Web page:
Negotiators were due to kick off a fresh round of talks over Iran's nuclear programme in Vienna on Thursday, seeking to salvage the agreement on Tehran's atomic ambitions.
Officials from world powers and Iran were set to meet in the Austrian capital for the first time since March, when negotiations, which began in 2021 to reintegrate the United States into the agreement, stalled.
In late June, Qatar hosted indirect talks between Tehran and Washington in the hope of getting the process back on track -- but those talks failed to make a breakthrough.
In a last-ditch effort, EU foreign policy chief Josep Borrell submitted a compromise proposal last month and called on the parties to accept it to avoid a "dangerous nuclear crisis".
Borrell said the draft text includes "hard-won compromises by all sides" and "addresses, in precise detail, the sanctions lifting as well as the nuclear steps needed to restore" the 2015 pact.
Britain, China, France, Germany, Iran, Russia and the United States signed the JCPOA in July 2015. Delegations from all will partake in Thursday's talks, but officials from the US and Iran are not expected to meet face to face.
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The Joint Comprehensive Plan of Action aims to guarantee the civilian nature of Iran's nuclear programme in exchange for a gradual lifting of sanctions.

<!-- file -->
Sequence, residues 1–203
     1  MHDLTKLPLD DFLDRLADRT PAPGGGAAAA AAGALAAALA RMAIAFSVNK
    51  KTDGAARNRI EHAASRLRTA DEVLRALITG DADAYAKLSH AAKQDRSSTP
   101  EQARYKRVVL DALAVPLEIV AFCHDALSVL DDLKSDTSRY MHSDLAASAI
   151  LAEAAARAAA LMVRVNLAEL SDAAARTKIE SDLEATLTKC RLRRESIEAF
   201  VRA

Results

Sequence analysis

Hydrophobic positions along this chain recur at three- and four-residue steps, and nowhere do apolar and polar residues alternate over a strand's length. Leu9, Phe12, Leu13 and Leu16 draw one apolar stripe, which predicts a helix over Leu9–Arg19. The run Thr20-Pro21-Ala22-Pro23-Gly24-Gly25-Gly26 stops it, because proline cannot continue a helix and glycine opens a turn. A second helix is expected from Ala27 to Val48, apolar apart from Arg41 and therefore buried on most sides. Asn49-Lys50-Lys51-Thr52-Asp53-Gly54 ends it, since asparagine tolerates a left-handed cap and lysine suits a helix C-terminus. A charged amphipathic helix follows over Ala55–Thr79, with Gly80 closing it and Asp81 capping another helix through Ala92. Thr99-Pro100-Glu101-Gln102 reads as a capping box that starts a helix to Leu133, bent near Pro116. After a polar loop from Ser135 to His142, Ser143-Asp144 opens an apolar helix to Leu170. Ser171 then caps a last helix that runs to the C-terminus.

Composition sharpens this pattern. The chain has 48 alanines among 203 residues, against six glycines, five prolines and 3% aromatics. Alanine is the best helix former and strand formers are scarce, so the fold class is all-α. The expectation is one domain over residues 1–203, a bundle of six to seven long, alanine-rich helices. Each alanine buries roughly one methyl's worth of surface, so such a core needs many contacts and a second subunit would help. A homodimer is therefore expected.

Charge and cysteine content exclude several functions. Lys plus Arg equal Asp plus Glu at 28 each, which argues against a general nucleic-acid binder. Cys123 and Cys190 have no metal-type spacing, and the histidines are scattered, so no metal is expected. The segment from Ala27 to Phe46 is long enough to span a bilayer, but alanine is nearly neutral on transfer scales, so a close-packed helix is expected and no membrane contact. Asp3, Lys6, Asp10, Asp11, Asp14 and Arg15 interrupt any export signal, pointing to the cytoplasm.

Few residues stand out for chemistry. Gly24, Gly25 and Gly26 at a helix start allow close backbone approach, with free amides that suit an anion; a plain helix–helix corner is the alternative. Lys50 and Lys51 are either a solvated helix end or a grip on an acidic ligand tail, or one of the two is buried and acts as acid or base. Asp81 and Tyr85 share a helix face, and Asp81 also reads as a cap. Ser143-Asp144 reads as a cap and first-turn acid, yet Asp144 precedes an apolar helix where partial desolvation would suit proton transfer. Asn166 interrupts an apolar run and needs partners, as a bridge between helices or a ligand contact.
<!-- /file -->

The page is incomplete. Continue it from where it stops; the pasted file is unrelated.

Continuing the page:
But following the unilateral withdrawal of the United States in 2018 under former president Donald Trump and the re-imposition of US sanctions, Tehran has backtracked on its obligations.
Iran subsequently exceeded the JCPOA's uranium enrichment rate of 3.67 percent, rising to 20 percent in early 2021.
It then crossed an unprecedented 60-percent threshold, getting closer to the 90 percent needed to make a bomb.
The head of the UN nuclear watchdog, Rafael Grossi, on Tuesday warned Iran's programme was "moving ahead very, very fast" and "growing in ambition and capacity".
Ahead of Thursday's talks, officials expressed cautious optimism, all the while cautioning that the parties remained far apart on key issues.
The head of US delegation, Rob Malley, and the head of Tehran's delegation, Ali Bagheri, said on Twitter ahead of the talks that they were coming in good faith but put the onus on each other.
Analysts meanwhile said reviving the JCPOA remained the best option.
"The last thing the United States needs is a nuclear crisis with Iran that could easily escalate to a broader regional conflict," Suzanne DiMaggio, a senior fellow at the Carnegie Endowment for International Peace, said in a statement.
Ellie Geranmayeh, an analyst at the European Council on Foreign Relations (ECFR), said that "at the end of the day, Tehran and Washington know the alternatives to a JCPOA collapse are terrible."
"This is unlikely to be a meeting that resolves the outstanding issues" but "it could create the breakthrough necessary to push the talks towards a finishing line rather than a collapse," she said.